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article imageKnoxville, Tennessee hit with ransomware attack Special

By Tim Sandle     Jun 15, 2020 in Technology
Knoxville - Knoxville, Tennessee was hit with a ransomware attack that took place between June 10 and June 11. In response to the attack, IT staff shut down affected servers and took down the city's network from online.
While the response from city authorities prevented the incident from being worse, the action was impactful upon day-to-day city life. the stepping of services resulted in downtimes for the city's internal information technology network, public website, and more. While this had an impact on the public (with websites like, law and the mayor going off-line), emergency services such as the police and fire department were unaffected. The city officials are still investigating the incident.
City officials are speculating that the attack was launched through a phishing email mistakenly opened by a local government employee. The full impact of the attack is uncertain and it will require forensic investigation to assess. This is likely to take several weeks to complete.
Looking into the issue for Digital Journal, Chris Kennedy, CISO and VP of customer success, AttackIQ, finds that key security protocols were lacking.
In terms of why municipalities are often a target for hackers, Kennedy explains: "Cybercriminals tend to target organizations that require the least effort to hack for maximum profit, and state and local governments usually fit the bill." This is especially so for local government areas due to the predominance of legacy infrastructure, which is far easier to =exploit.
Kennedy also fees digital transformation projects as opening doors to cybercriminals: "Many government agencies are now providing their services online to maximize efficiency, so citizens can conveniently pay off their parking tickets and taxes or even manage their motorist licenses online." While digitalization is very important, if the technology backing this is unsecure then this provides many opportunities for hackers.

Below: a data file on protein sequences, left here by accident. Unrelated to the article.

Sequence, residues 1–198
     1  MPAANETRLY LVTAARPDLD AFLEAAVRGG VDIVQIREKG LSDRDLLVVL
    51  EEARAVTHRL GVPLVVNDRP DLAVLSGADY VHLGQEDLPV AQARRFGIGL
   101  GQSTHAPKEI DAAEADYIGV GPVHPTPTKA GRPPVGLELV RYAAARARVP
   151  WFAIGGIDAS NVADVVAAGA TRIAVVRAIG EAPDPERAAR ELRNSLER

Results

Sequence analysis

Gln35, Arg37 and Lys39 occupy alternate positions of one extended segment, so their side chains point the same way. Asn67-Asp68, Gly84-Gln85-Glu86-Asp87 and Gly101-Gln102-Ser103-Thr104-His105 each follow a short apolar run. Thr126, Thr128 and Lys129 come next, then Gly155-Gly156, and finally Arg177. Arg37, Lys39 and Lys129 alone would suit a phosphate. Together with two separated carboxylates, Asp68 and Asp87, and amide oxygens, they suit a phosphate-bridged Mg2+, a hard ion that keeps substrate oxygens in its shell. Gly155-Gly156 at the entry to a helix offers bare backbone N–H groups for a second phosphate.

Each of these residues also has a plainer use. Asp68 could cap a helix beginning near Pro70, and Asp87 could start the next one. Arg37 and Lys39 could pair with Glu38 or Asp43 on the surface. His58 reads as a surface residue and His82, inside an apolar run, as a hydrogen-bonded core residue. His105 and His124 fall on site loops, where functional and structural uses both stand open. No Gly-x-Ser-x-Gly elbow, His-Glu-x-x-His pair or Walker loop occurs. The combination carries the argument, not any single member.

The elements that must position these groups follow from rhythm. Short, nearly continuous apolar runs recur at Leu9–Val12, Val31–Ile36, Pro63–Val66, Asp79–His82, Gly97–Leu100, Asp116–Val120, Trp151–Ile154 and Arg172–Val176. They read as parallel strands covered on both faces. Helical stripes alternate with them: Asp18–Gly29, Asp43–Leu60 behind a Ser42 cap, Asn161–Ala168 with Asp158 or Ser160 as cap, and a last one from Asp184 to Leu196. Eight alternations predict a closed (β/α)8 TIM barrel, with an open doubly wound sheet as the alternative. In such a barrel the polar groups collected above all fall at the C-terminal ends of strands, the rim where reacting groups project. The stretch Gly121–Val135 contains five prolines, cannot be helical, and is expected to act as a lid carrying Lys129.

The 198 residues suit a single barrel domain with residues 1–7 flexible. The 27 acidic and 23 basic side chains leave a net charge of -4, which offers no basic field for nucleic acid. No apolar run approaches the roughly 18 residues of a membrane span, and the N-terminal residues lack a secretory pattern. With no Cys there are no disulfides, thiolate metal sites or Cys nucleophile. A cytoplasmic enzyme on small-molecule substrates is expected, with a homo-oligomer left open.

As well as legacy systems weaknesses occur, Kennedy explains, since "most government entities are faced with limited IT resources, budget constraints, and internal personnel may not have the expertise to operate new technology efficiently."
There is also an over-reliance upon contractors: "For a government agency, the strength of cybersecurity is only as good as the security of the contractors they select, and many do not leverage advanced tools available, thereby introducing additional risk."
In terms of preventive actions, Kennedy recommends: "The best way to defend against ransomware is readiness and timely response. Organizations must have a comprehensive network segmentation strategy in place to quarantine an outbreak to a localized facility or business unit."
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